Skip to main content

4 wee-wee pad training mistakes to avoid with your puppy

One of the biggest challenges for first-time puppy parents is potty training. And while the best-case scenario is to have your dog learn to do his business outside, that’s not always possible. Young puppies need frequent pee breaks, and wee-wee pads offer a great option for senior pet parents, those who are physically challenged, or families living in high-rise apartments. Pee pads are also ideal when you want to avoid taking your puppy to public spaces to eliminate before he is fully vaccinated. Here are four mistakes to avoid when wee-wee pad training your puppy.

Not establishing a routine

To be successful at potty training, it’s crucial to stick to a routine. You’ll be teaching your newest family member that there’s a time to eat, a time to run and play, and a time to do his business. Here are some tips to help you stay on schedule:

  • Training experts at the Humane Society of the United States (HSUS)  say that feeding your pup at the same times each day will make it more likely that he’ll eliminate at consistent times as well, easing training for both of you.
  • Plan on taking your dog to the pee pad at least every two hours and immediately after he wakes up, during and after playing, and after eating or drinking. Your puppy won’t automatically know what the pee pad is for, so you’ll need to introduce him to the concept of using it. While your pup is relieving himself on the pad, say the command you plan to use to remind him why he’s there. “Go potty” or “be quick” are popular phrases.
  • As soon as your dog has finished doing his business, give lots of praise and a treat. You want him to associate eliminating on the pee pad with a positive response from you.
Dachshund puppy on leash.
Image used with permission by copyright holder

Giving your puppy unsupervised freedom in the house

During potty training, you can’t let your pup roam around the house unsupervised. That gives him lots of opportunities to eliminate where he shouldn’t and prolongs the training process. Here are three options for restricting his movement:

  • Trainers recommend using a crate when housebreaking because most pups won’t soil where they sleep. Be sure to lead him to the pee pad as soon as you let him out of the crate. Puppies under 6 months of age shouldn’t be kept crated for more than three or four hours because they can’t control their bladders or bowels for that long, according to the HSUS.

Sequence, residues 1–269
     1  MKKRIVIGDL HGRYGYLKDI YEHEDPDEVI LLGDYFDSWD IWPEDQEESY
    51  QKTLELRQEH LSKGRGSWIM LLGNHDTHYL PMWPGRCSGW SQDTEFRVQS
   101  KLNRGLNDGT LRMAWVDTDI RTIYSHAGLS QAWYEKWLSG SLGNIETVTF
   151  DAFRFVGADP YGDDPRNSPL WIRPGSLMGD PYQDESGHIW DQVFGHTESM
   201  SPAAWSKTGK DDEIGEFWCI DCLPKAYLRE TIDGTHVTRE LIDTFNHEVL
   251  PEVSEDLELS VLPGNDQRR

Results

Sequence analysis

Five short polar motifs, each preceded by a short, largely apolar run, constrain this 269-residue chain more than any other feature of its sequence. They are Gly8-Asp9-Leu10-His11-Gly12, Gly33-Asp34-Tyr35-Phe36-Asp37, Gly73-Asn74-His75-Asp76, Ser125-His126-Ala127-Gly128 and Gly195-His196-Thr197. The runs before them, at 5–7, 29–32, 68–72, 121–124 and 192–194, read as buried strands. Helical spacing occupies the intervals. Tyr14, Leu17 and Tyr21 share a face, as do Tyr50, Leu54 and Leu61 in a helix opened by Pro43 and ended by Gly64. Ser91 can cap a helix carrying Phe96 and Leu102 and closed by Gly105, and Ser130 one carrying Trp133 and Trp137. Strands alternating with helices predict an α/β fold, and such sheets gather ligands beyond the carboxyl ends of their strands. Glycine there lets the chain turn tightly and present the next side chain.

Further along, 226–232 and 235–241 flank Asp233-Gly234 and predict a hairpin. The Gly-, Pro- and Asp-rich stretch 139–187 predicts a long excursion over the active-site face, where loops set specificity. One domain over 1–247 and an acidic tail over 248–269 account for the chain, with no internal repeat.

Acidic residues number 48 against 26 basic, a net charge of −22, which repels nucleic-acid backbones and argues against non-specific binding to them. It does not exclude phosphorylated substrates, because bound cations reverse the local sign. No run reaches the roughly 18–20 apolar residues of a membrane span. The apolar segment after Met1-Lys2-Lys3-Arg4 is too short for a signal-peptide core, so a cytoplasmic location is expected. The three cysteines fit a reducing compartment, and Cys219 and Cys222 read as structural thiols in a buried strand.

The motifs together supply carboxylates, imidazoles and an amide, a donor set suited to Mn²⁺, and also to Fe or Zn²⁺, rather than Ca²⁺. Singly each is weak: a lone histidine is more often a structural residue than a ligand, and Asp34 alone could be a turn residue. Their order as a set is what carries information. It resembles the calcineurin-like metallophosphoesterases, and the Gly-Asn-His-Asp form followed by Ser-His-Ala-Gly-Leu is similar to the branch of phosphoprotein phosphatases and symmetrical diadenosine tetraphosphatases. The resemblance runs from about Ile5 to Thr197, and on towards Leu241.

• If you prefer not to use a crate, you can confine your puppy to a small space in the home such as a mudroom or bathroom. It’s best to choose a room without a rug or carpet so puppies don’t get confused between using the rug and the pee pad.
  • It’s fine to allow your dog time with you in the house as long as you are always supervising him. Training experts recommend tethering your puppy to you or a nearby piece of furniture with a 6-foot leash so that he doesn’t wander off and eliminate around the house when you’re not watching.

Not learning to read your dog’s body language

To succeed at potty training, you have to learn to read your dog’s body language. Typical signals that he needs to do his business include:

  • Barking
  • Squatting
  • Restlessness
  • Whining
  • Sniffing the floor
  • Circling

Once you learn your pup’s signals, you can take him immediately to the pee pad and reward him for a job well done.

Getting angry when your puppy has an accident

Accidents are part of potty training. Chances are, your dog will have several soiling accidents around the house before he’s fully trained, say experts at PetMD. Your job as a responsible pet parent is not to overreact when it happens. Rubbing your puppy’s nose in the accident or taking him to the spot and scolding him is not only cruel, but it also ruins the bond between you and your dog. It will make your pup afraid of you and fearful of eliminating in your presence. Punishment will do more harm than good, according to HSUS experts. Here’s what to do instead:

  • If you catch your puppy in the act of eliminating, try to stop him by saying something like “Whoops!” or startle him with a sudden noise. The noise should only be loud enough to distract your dog and not to scare him. As soon as he pauses, take him immediately to the pee pad to finish eliminating and give him a treat.
  • If you do discover an accident around the house, just quietly clean it up. To avoid repeat accidents in that same spot, use a cleaning product specially formulated to remove odors such as Nature’s Miracle or Arm & Hammer.
Two girls playing with terrier pup.
Image used with permission by copyright holder

How long it will take to potty-train your puppy depends on the individual dog and how consistent you are with your training. For some pups, it might take only a week or two before they are reliably using the pee pad. However, trainers say pet parents should continue following the frequent potty-break schedule and rewarding dogs for using the pads for at least six months. Your diligence and patience will be rewarded in the end, and you can relax as your buddy enjoys free run of the house.